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All that matters is if the MP4 looks good to you. Of course, you may be able to compress more. There is no set bitrate to use. More complex or rapidly changing visuals require greater bitrate. Most converters use x264 to generate the converted video stream, and x264 offers a CRF mode which adjusts the bitrate based on the visual content complexity. If your ...


You don't mention either how (or IF?) you are editing anything here, or what forms of storage, distribution, archiving, etc you anticipate? You are probably correct that MP4 is a more compatible distribution format, but distribution format does not necessarily have to be identical with recording and editing format. I would not anticipate any issue with ...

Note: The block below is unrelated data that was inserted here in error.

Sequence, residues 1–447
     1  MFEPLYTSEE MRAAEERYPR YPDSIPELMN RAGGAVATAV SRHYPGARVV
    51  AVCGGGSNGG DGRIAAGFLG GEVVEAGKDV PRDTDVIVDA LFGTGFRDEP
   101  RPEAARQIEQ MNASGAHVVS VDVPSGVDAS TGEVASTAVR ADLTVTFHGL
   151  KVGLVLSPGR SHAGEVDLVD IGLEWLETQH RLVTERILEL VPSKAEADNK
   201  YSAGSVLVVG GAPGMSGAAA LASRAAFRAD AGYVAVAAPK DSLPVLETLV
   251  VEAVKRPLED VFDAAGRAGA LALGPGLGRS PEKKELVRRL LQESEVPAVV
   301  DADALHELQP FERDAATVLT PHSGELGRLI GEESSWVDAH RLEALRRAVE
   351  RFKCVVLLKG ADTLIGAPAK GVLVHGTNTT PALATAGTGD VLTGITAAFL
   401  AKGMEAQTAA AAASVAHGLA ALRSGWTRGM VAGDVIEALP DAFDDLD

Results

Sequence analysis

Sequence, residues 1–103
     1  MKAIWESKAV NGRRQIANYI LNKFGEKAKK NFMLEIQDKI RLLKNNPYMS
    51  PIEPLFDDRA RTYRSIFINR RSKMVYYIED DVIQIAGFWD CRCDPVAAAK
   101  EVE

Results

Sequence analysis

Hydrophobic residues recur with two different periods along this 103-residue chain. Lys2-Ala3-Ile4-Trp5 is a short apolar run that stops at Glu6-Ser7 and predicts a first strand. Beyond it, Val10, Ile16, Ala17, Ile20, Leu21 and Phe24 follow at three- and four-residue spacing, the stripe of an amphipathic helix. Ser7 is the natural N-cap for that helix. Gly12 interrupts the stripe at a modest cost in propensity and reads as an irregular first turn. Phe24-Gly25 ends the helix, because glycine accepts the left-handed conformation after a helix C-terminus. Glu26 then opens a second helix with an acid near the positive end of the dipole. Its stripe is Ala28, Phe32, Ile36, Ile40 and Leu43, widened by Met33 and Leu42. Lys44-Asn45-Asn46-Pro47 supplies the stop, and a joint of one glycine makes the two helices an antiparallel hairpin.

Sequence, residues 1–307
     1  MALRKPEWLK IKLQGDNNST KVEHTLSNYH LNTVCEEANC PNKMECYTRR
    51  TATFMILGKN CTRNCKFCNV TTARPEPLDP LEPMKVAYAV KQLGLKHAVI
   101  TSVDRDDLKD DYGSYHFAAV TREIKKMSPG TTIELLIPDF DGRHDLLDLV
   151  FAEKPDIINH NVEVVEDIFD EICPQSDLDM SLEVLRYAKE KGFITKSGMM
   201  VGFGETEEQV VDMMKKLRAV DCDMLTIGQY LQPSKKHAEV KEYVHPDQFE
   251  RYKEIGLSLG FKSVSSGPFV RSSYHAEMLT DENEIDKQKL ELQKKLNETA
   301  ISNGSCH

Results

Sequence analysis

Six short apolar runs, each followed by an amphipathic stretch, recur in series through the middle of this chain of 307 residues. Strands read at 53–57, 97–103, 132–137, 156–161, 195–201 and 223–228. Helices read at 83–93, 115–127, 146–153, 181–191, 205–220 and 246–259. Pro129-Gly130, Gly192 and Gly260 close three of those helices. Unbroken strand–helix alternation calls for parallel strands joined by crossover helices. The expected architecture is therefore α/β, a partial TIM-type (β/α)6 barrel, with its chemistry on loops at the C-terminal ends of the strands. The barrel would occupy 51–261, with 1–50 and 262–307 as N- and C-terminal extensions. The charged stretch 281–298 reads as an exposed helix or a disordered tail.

Try with the movie filter instead ffmpeg -loop 1 -i image.jpg -filter_complex \ ",setpts=N/(FRAME_RATE*TB)[1v]; \ [0:v][1v]overlay=x=main_w*0.44:y=main_h*0.33[out]" \ -map [out] -t 00:00:15 out.mp4


If I've understood you correctly, your video appears upright when viewed in portrait orientation and rotated in landscape. This suggests the image is stored in a landscape matrix but with no rotation tag set. If so, there are two things you can try using ffmpeg, a free command line tool. ffmpeg -i input.mp4 -c copy -metadata:s:v rotate=90 output.mp4 If ...

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